Consider GregS's comment to this question (more specific to bouncycastle's provider implementation):


The mode, ECB in this case, is ignored for RSA.Use PKCSPadding. The max amount of data you can encrypt is the size of the modulus in bytes minus 11.

I've read several articles that seem to state similar views, including this one:


Although that article appears to make the case that it is only ignored when the data exceeds the size of the moduli.

Basically I have a small amount of data to encrypt (a username and password), a private key with a 2048 bit key length, and I'm using the RSA/ECB/PKCS1Padding cipher transformation for encryption. Is this considered "textbook" or "plain" RSA in Java?

I believe I am using a secure approach for our needs, but I need to be sure.


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ECB, CBC and such cipher modes are something that relate to symmetric cryptography. In context of RSA, it is important to study from documentation of the product what they mean as they do not ordinarily apply.

Based on the articles you provide, this statement is correct:

The mode, ECB in this case, is ignored for RSA.Use PKCSPadding. The max amount of data you can encrypt is the size of the modulus in bytes minus 11.

PKCS#1 standard defines many padding schemes. The more elaborate and less ambiguous name for this scheme and padding is RSAES-PKCS1-v1_5. You just need to ensure that the data you intent to encrypt is at most 245 bytes.

It is common to warn against using textbook RSA. This warning practically means "do not use RSA without using a padding scheme". Thus, RSA with any padding from PKCS#1 is not textbook RSA.


In most protocols, what is encrypted with RSA with PKCS#1 padding is a secret key. Encrypting username and password is significantly less common occurrence. Using RSAES-PKCS1-v1_5 securely needs some care in the application. Long story short, it is possible that this padding scheme would not meet the needs of this use. However, as I don't know the context and other algorithms applied, I cannot know if this is secure or not in this context.

The intent of RSA encryption is to ensure that decryption is only performed by party that has access to the private key. RSA encryption does not authenticate the sender, anybody may send a message which appears correct as far as RSA and the padding scheme is concerned.

If sender authentication is needed (quite common), it is necessary to use a digital signature scheme, such as RSASSA-PKCS1-v1_5 in conjuction with the encryption algorithm.

There is a newer padding scheme (Optimal Asymmetric Encryption Padding), which addresses some of the outcomings of RSAES-PKCS1-v1_5. However, as a general advice, I would recommend trying to find a security protocol, which'll implement the entire security use case you have. Implementing any practical security protocol from small blocks like this RSA/ECB/PKCS1Padding is tedious and unfortunately error prone.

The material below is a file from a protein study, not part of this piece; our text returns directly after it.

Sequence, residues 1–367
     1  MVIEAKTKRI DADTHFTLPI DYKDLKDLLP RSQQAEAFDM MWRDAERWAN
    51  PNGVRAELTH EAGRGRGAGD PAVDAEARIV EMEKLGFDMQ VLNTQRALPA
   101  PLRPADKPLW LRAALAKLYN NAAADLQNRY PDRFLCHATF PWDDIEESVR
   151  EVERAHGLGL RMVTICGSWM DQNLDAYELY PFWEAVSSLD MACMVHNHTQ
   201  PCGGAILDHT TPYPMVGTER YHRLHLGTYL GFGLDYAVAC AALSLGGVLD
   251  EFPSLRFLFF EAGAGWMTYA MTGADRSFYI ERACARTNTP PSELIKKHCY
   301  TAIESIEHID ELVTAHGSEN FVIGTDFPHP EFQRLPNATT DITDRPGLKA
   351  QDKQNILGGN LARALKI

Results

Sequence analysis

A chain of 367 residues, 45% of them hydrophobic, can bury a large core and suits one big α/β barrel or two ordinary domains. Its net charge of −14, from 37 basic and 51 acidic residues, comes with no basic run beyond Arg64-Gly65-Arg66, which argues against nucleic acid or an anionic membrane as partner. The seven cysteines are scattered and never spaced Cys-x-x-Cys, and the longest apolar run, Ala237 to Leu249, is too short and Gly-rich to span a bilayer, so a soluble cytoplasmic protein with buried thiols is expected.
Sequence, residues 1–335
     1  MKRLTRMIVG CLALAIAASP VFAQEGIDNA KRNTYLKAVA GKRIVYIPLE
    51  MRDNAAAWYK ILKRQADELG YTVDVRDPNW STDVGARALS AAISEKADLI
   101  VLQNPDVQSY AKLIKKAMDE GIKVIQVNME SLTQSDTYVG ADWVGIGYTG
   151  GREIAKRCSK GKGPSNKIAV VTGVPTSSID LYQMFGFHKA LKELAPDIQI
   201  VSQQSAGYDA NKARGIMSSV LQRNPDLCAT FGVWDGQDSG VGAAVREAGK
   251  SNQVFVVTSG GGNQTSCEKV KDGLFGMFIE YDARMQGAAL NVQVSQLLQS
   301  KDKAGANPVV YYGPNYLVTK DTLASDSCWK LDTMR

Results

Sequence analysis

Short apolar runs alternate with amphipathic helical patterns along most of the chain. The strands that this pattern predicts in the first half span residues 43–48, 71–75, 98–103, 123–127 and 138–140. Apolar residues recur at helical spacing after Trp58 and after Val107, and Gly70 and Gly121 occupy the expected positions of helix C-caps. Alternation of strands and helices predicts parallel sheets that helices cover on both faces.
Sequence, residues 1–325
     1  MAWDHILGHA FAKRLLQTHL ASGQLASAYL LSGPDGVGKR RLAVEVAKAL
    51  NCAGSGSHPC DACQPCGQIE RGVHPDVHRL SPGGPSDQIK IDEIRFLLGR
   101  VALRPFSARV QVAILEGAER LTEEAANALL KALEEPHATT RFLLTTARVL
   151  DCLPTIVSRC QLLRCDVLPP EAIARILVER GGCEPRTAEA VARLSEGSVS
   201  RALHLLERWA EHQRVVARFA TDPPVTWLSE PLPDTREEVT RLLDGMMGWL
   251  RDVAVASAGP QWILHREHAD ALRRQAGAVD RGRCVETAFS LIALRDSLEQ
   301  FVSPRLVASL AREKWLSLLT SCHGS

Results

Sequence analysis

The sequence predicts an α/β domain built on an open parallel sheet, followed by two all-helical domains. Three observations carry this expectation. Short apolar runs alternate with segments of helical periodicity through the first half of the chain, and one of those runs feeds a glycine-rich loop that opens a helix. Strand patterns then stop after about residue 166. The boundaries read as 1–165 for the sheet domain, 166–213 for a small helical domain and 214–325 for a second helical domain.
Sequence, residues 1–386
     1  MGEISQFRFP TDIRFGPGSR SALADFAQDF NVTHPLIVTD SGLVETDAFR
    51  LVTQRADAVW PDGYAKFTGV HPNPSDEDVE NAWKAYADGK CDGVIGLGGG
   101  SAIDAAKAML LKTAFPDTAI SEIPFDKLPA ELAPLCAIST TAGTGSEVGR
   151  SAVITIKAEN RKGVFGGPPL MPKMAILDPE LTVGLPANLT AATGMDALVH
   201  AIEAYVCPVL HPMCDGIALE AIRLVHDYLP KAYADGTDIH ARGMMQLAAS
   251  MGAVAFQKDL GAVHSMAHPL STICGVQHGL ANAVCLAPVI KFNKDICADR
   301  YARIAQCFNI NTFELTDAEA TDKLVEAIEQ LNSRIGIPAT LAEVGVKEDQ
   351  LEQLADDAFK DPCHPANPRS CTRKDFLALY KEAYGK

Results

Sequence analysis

• $\begingroup$ It's even harder since PKCS#1v1.5 encryption padding is broken in a way that requires the higher level protocol to carefully work around its weaknesses. If you use RSA by yourself, use OAEP padding, not v1.5. $\endgroup$ – CodesInChaos Nov 10 '13 at 21:31
  • $\begingroup$ @CodesInChaos True. I improved the answer a tiny bit to address this. $\endgroup$ – user4982 Nov 10 '13 at 21:44
  • $\begingroup$ We have a separate authentication scheme for that username/password, and we "own" and setup the identity associated with it, so I'm not concerned about the signature per se. Also, the length will not exceed 245 bytes. My biggest concern is given access to the public key, access to an encrypted username/password, and knowledge of the padding scheme as RSA/ECB/PKCS1Padding, is it possible for a hacker to decrypt? $\endgroup$ – user8601 Nov 10 '13 at 22:42
  • $\begingroup$ @BrianReindel For what I know, it is likely hard to decrypt this scheme based on the public key and encrypted data. But, don't take my word for it. Instead, make your own risk assessment based upon your knowledge of the protocol. Useful detail for considering risk: The difference in security between PKCS#1 (v1.5) and OAEP is described e.g. here: What specific padding weakness does OAEP address in RSA?. $\endgroup$ – user4982 Nov 11 '13 at 15:44
  • $\begingroup$ Thank you for the additional clarification. I have reviewed that post on OAEP in the past, as well as the associated Wikipedia entries. I think much of the confusion comes from the fact that the mode is ignored, but when specified, the padding is not. The question then becomes, how good is the padding scheme, and what are the known disadvantages. $\endgroup$ – user8601 Nov 11 '13 at 15:58